The earlier a public adjuster is brought into the process, the better the opportunities are for helping the policyholder obtain a more favorable claim settlement. A public adjuster can be hired the day of the loss and is normally involved until all settlement monies are paid out on the claim.
The public adjuster does not supervise construction or oversee rebuilding; however, he or she will remain involved in the claim process until full repairs are completed and final claimmonies are paid.
Property and casualty insurance producers (agents and brokers) sell policies that guard individuals and businesses from financial loss stemming from events that cause property damage, such as floods, fires and storms. The duties of a property and casualty producer vary from state to state. Although they have a business relationship with the insurance company, they may have certain duties owed to the insured. Generally, agents represent insurance companies and brokers represent policyholders.
Policyholders normally purchase property insurance policies through an agent or broker. These producers assist insureds in completing applications, selecting coverages, issuing certificates of insurance, making changes to policies, invoicing and filing claims with the insurance company.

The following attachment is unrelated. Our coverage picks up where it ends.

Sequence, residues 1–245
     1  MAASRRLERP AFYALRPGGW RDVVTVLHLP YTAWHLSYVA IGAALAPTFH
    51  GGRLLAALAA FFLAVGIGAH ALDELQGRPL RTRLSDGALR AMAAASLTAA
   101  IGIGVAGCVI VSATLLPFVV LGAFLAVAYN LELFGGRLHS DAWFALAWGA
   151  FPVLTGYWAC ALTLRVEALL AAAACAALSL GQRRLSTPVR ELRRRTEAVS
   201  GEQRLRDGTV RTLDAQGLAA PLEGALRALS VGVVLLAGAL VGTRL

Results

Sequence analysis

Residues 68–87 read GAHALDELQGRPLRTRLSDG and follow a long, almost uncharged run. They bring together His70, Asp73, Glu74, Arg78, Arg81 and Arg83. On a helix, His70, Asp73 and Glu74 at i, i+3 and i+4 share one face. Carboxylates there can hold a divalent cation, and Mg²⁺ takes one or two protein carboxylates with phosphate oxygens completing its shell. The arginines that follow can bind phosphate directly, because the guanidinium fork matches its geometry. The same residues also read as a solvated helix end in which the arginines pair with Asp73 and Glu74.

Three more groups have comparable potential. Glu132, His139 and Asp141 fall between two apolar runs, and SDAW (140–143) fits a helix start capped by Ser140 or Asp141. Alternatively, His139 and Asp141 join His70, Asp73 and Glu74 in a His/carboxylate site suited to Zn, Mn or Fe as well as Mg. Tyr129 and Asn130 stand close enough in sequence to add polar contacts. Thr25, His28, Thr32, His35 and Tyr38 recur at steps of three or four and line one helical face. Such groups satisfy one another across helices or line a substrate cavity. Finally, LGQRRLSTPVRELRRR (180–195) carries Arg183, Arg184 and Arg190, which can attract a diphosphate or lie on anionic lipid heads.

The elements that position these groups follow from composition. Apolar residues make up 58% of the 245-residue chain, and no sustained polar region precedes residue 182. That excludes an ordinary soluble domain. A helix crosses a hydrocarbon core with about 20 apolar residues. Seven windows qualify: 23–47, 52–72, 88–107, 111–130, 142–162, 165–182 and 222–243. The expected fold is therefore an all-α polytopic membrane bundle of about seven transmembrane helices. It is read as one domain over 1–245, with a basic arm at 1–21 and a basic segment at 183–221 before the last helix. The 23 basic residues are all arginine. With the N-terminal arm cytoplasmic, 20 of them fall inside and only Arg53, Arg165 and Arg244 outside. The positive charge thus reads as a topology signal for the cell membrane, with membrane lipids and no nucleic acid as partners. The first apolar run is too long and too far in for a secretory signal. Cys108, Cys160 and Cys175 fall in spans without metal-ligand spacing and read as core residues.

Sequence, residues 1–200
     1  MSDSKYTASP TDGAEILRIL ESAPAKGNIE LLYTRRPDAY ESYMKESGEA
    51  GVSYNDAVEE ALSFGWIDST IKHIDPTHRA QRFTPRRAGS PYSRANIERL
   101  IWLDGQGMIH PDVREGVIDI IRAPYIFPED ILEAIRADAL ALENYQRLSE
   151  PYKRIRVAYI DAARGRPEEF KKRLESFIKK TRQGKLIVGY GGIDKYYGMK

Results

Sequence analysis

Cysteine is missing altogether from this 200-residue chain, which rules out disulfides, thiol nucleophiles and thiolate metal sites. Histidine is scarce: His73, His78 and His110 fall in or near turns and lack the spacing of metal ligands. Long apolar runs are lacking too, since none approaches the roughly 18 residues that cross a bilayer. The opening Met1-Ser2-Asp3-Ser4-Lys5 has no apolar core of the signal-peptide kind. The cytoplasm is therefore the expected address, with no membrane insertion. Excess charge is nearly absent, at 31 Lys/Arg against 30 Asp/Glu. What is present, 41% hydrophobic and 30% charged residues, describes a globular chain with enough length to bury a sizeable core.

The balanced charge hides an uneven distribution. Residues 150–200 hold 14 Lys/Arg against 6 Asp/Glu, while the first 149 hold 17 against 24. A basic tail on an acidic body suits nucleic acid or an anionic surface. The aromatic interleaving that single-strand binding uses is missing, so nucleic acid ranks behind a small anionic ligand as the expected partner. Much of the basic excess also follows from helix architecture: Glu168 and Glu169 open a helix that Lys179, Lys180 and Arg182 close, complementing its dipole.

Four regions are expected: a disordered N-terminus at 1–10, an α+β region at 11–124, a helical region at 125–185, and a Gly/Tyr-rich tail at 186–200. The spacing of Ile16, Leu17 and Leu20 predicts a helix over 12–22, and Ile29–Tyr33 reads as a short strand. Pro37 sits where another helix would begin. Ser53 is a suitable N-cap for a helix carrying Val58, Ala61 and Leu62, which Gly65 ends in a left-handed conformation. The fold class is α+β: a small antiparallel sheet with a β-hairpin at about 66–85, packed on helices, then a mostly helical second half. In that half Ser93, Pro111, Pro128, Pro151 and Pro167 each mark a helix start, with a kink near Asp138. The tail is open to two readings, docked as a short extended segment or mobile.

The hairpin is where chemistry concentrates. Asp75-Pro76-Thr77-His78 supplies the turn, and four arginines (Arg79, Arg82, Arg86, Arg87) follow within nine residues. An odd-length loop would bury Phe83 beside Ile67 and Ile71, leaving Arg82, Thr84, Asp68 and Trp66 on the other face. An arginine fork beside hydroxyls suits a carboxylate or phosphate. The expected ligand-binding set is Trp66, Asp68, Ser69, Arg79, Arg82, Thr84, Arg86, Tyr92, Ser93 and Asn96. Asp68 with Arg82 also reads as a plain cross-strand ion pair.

Most producers are paid a commission by the insurance company based on the premium billed to the insured.
Yes, insurance brokers and agents are regulated, usually by state departments of insurance.
Training varies from agency to agency. Larger firms have internal training programs. Smaller, local or regional firms use resources such as The Institutes or The National Alliance for Insurance Education and Research. Both of these organizations offer certification programs. Membership organizations such as the National Association of Professional Insurance Agents (PIA), and Chartered Property and Casualty Underwriters Society also offer educational programs for insurance producers.